MP03-15: Primary versus Secondary Muscle Invasive Bladder Cancer: Comparing the Pathologic and Oncologic Outcomes between Both forms of Muscle Invasive Disease When Treated with Standard of Care.
Friday, May 13, 2022
7:00 AM – 8:15 AM
Location: Room 222
Tarik Benidir*, Zaeem Lone, Ao Zhang, Carlos Munoz-Lopez, Pranay Hegde, Kevin Fung, Jesse Fajnzylber, Eric Klein, Mohammed Eltemamy, Jihad Kaouk, Georges Pascal-Haber, Nima Almassi, Christopher Weight, Byron Lee, Cleveland, OH
Introduction: Primary muscle invasive bladder cancer (P-MIBC) is the most common presentation at initial consultation; however, a subset of patients progress to MIBC following initial management for non-muscle invasive bladder cancer (NMIBC). The latter has been coined secondary MIBC (S-MIBC) and may exhibit decreased sensitivity to cisplatin-based chemotherapy. We aimed to explore response to neoadjuvant chemotherapy (NAC) and oncologic outcomes between P-MIBC and S-MIBC patients receiving radical cystectomy at a high-volume tertiary care center.
Methods: We performed a retrospective review of radical cystectomy (RC) patients from 2010 to 2019 who were cT2-T4/N0 and treated with a cisplatin-based NAC regimen. Patients were defined as S-MIBC if they had history of NMBIC, were treated with at least one course of induction BCG, and progressed to MIBC. Our primary outcomes of interest were down-staging rates, which was defined as Results: 333 patients were included (48 S-MIBC vs. 285 P-MIBC). Following NAC and RC, there were no differences in down-staging rates between both groups (S-MIBC: 54% vs. P-MIBC: 51%, p=0.67). There was no difference in complete pathologic response rates between the two groups (S-MIBC: 33% vs. P-MIBC: 28%, p=0.41). There were no differences in CSS (p=0.97), OS (p=0.94), or RFS (p=0.83). On Cox Proportional Hazards regression, only ³ pT2 and N+ disease predicted poorer CSS, OS, and RFS.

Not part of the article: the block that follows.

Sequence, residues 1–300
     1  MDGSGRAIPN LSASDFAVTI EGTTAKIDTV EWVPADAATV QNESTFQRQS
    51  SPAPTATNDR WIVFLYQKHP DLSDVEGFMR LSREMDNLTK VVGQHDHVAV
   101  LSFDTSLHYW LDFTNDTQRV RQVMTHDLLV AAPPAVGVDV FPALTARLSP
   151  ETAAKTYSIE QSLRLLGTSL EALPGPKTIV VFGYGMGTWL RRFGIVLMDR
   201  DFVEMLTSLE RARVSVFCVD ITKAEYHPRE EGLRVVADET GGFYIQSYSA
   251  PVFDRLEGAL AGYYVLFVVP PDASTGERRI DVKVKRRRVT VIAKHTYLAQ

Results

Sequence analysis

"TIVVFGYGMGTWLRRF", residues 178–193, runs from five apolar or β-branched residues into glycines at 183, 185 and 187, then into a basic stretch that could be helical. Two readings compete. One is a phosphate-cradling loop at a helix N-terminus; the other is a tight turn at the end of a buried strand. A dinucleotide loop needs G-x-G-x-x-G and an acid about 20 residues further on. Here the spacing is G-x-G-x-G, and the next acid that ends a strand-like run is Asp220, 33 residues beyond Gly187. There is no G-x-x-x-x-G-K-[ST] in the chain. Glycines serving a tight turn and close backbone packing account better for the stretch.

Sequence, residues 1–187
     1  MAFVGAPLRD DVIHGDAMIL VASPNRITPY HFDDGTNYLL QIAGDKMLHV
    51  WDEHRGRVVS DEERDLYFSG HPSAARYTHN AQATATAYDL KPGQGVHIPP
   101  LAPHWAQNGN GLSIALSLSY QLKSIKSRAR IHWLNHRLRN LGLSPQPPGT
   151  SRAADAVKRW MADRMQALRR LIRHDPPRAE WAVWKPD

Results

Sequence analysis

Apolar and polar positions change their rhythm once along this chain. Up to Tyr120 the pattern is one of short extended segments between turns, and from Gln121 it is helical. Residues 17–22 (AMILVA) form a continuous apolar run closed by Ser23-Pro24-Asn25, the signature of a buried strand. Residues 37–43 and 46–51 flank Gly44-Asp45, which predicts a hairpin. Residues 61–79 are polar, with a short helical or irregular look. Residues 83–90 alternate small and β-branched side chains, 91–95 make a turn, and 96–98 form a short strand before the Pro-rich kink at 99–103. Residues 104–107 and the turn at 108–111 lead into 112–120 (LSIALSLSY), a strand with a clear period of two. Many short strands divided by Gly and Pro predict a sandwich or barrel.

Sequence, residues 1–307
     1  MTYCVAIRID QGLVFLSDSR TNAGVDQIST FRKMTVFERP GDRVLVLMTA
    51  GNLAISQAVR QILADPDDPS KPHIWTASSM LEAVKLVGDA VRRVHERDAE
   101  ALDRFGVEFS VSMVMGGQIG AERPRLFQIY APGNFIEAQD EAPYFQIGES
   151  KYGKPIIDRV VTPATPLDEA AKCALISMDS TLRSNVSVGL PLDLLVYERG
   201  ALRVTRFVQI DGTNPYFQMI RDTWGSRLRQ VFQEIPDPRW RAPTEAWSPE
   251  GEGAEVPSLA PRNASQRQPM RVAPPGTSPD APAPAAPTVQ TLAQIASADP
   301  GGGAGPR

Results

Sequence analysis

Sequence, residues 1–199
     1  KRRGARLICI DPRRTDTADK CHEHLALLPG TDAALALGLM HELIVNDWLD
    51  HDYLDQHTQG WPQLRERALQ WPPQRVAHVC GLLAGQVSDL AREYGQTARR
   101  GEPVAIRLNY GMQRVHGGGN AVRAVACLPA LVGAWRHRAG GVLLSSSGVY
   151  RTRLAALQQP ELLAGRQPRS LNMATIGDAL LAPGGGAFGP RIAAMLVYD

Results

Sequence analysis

Conclusions: S-MIBC is an uncommon presentation as compared to P-MIBC. In our patient population, there were no differences between P-MIBC and S-MIBC with respect to cisplatin sensitivity and oncologic outcomes. Future studies should focus on molecular biomarkers that can predict NAC response in these patients.